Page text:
Micropaleontologic record of Pliocene and Quaternary paleoenvironments in the southern Albemarle Embayment, North Carolina, U.S.A.

TitleMicropaleontologic record of Pliocene and Quaternary paleoenvironments in the southern Albemarle Embayment, North Carolina, U.S.A.
Publication TypeJournal Article
Year of Publication2016
AuthorsCulver SJ, Farrell KM, Mallinson DJ, Willard DA, Horton BP, Riggs SR, Thieler E R, Wehmiller JF, Parham PR
JournalPalaeogeography, Palaeoclimatology, Palaeoecology
Volume457
Pagination360–379
Date Published09/2016
KeywordsDiatoms, Foraminifera, Holocene, Paleoenvironments, Pleistocene, Pollen
Abstract

The Albemarle Embayment, a Cenozoic depositional basin on the Atlantic coast of the USA, is an ideal setting to understand the temporal and spatial variation of eustatic sea-level fluctuations, glacio-hydro-isostasy, tectonics, subsidence, environments and sedimentation patterns of a passive margin Quaternary section. A NE–SW transect of cores and seismic data in the southern Albemarle Embayment were analyzed using micropaleontologic (foraminifera, diatoms, pollen), sedimentologic, stratigraphic, and geochronologic data to reconstruct the paleoenvironmental evolution and paleoclimates in the nearly 90 m thick Quaternary section. The study area is a very low gradient Quaternary landscape that is cross-cut by several Pleistocene incised valleys; a Holocene barrier island complex forms its eastern margin. In the subsurface, the Albemarle Embayment is bordered to the north by the Norfolk Arch and to the south by the depositionally-constructed Cape Lookout High, which is positioned on the northern flank of the structural Carolina Platform.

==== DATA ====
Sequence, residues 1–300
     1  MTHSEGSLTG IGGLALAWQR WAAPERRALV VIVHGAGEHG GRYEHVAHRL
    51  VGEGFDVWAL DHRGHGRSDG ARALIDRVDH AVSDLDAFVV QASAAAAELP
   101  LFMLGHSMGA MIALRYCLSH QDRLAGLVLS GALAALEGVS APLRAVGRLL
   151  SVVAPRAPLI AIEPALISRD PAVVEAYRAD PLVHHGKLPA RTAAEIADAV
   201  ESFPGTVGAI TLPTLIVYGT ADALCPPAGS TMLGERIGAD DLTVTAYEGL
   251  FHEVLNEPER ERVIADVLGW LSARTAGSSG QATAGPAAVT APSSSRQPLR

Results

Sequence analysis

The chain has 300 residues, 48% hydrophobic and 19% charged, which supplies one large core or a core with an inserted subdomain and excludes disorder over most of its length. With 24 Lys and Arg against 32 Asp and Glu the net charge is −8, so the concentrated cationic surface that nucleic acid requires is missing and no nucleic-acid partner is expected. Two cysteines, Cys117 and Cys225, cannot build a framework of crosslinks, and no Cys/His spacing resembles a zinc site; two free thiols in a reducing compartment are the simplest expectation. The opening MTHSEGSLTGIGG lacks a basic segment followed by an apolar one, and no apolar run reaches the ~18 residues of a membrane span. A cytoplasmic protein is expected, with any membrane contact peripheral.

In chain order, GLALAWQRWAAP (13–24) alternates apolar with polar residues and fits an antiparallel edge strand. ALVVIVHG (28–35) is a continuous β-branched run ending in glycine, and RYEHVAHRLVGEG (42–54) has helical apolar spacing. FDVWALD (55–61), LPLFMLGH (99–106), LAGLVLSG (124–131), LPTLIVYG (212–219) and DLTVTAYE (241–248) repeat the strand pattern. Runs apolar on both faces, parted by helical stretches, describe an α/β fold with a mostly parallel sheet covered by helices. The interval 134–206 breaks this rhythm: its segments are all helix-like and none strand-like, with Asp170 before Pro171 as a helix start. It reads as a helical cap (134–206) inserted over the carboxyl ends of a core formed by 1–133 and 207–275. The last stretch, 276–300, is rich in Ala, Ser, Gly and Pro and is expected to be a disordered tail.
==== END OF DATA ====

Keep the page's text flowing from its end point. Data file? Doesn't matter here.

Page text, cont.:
The Quaternary section overlies mid-Pliocene carbonates in three cores; the contact rises in elevation towards the Cape Lookout High. Fossils and sediment characteristics suggest a subtropical, shallow, high energy marine environment during the Pliocene. Overlying units include incomplete Pleistocene, clastic, transgressive-regressive (T-R) deposits. These have similar ages and stratigraphic signatures as the T-R cycles in the central and north-central Albemarle Embayment, although mid-Pleistocene deposits may be older in the southern region. The bulk of the early and mid-Pleistocene record consists of inner to mid-shelf sand and muddy sand. In contrast, late Pleistocene sands are of inner shelf origin, reflecting the infilling of the basin. Lowstand paleovalleys, with fluvial, wetland and estuarine fill, dissect the early, mid- and late Pleistocene marine units; their locations reflect antecedent topography. Holocene sediments were deposited in shoreface and barrier island environments. Quaternary foraminiferal assemblages in the southern Albemarle Embayment exhibit greater species richness than those in the central and north-central embayment reflecting the presence of a major biogeographic boundary at the same location as the modern biogeographic boundary at Cape Hatteras.

URLhttp://www.sciencedirect.com/science/article/pii/S0031018216301572
DOI10.1016/j.palaeo.2016.05.017